BMRCL’s extra saplings lack extra benefit

Bangalore Environment Top Story

BMRCL celebrates plantation of extra saplings in compensation to trees cut for metro construction but environmentalists argue their effective contribution to the environment.

Compensatory saplings planted for trees cut during metro construction cannot benefit the environment like the old trees did, say environment experts. Bangalore Metro Rail Corporation Limited (BMRCL) said that they have planted more than the required number of saplings in compensation to the tree cuts for the Phase-2 project.

“Old trees harbor a lot of wildlife built over a long period of time. The saplings planted under the compensatory afforestation will grow up to full trees in 50-60 years and by then the wildlife disrupted earlier would vanish,” said Dr. MB Krishna, an ecologist.

Compensatory plantations further accelerate the rush to destroy forests for development projects and forest clearances are approved without many questions asked, according to a study on compensatory plantations in India. Biological and spatial differences between the cleared forest area and compensation site, threaten forest diversity and question survival of new saplings.

The contribution in carbon fixation by these saplings cannot match that of old trees, said Krishna. A large number of saplings may be planted but the benefits provided by fully grown trees that are cut for projects, cannot be made up for immediately, he added. Moreover, the locations these new saplings are planted in would not necessarily benefit humans. “For these saplings to attain the same grandeur as the trees cut, all we have is hope,” Krishna further said.

Cutting mature trees reduces the leaf area index which is responsible for huge size of canopies, said Dr. A N Yellapa Reddy, chairman of the Bangalore Environment Trust (BET). The saplings planted for compensation will take 90 years to build meaningful canopies. These canopies have been bearing fruits, flowers, and essential oils after years of a tree’s development. But the saplings would require approximately 20 years to start bearing flowers, Reddy said.

“This will affect the environment leading to more pandemic diseases and climate change. They compensated for the trees but who will compensate for the health of the people?” he asked.

BMRCL has signed memorandums with United Way Bengaluru (UWB), a non-governmental organization (NGO) and Nurserymen Co-operative Society Limited (NMCS), a wing of Department of Horticulture, for sapling plantations that will be maintained by them for three years.

According to BMRCL’s Tree Management Plan report, it is supposed to plant 10 saplings for every one tree that is cut or translocated. Divya Hosur, official at Social and Environment Unit (SEMU), BMRCL said that BMRCL has planted a greater number of saplings than it was supposed to plant with an extra 9,400 saplings.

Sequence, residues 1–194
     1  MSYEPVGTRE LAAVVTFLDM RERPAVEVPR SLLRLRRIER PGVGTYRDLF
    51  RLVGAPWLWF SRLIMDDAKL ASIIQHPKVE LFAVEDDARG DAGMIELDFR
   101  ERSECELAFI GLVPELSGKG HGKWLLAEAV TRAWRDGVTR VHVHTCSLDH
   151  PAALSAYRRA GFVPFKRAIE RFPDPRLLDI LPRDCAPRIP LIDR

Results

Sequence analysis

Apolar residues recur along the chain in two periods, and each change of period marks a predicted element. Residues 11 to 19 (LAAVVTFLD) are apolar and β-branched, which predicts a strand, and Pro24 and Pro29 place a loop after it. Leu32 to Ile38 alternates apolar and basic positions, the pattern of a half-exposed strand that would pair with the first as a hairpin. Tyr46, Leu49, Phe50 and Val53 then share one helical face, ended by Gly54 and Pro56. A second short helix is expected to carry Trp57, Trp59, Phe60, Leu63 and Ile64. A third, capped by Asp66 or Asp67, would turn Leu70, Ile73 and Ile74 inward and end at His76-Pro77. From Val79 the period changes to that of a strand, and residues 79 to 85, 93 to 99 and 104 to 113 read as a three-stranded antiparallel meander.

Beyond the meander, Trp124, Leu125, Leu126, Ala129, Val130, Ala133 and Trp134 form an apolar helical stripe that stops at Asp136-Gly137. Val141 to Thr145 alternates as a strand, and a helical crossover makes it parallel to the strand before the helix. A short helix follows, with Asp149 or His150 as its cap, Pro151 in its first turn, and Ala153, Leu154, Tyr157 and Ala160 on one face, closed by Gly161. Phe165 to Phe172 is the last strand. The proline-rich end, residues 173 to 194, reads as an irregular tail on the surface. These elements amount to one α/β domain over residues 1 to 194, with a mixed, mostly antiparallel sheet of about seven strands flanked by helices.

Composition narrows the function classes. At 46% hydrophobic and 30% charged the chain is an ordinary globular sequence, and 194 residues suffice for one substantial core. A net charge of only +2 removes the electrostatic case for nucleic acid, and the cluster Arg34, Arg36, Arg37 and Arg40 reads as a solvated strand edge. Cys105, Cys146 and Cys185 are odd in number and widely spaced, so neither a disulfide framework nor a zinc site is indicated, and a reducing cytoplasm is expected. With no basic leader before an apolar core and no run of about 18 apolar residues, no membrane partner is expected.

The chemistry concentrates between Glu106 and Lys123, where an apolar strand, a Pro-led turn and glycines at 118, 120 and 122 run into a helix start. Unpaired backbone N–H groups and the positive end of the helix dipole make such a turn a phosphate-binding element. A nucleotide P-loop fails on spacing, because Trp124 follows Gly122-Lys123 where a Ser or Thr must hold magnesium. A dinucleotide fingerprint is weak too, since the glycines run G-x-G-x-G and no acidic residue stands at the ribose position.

David Kumar, project head at UWB for compensatory plantation, said that 35,000 trees have been planted so far and the plan is to plant 1,00,000 trees. “BMRCL is willing to plant more saplings but the issue is to find suitable land. Trees have to be planted 15 feet apart and it is a challenge to find large acres of land for planting more trees. Though BMRCL has been thoughtful about this project and has planted three to four times more saplings than required,” he added. Moreover, Bhagwat, an official at NMCS said that BMRCL has crossed the ratio of1-to-10 for compensation.

Mixed Future Predictions

The saplings will benefit the environment in the longer run and we will be able to cut out on a lot of emissions in the transport sector with metro expansion, Kumar said.

However, India has announced to achieve the goal of net zero emissions by 2070 at the ‘Conference Of the Parties 26’ (COP 26) summit held recently, requiring greater absorption of carbon. “Green covers act as carbon sinks and such compensation reduces the forest cover posing challenges for carbon fixation. Each tree that they are cutting is equivalent to 10 cylinders of oxygen. Reckless and mindless felling of trees in name of such projects will leave the future Bangalore impoverished,” Reddy said.

  • Sarakki lake is one of the locations chosen for compensatory plantation by BMRCL.


The saplings are maintained by forest officers and are checked for their growing status and conditions, said Kumar. Assistant Environment Officers (AEO) are appointed to monitor the plantation from 6:30 a.m. every day.

Ramu, supervisor of the Sarakki Lake, one of the locations chosen for plantation, said that UWB has been visiting the lake for two years for plantations. “Two officers come to inspect the saplings everyday from 9 a.m. to 5 p.m. They water the plants and add compost to the soil,” he added.

Retired environmental officers and chief engineers are associated with the monitoring of these plantations while Bruhat Bengaluru Mahanagara Palike (BBMP) has not collaborated with BMRCL for this project, said Govindraju V, Assistant Conservator of Forests, BBMP.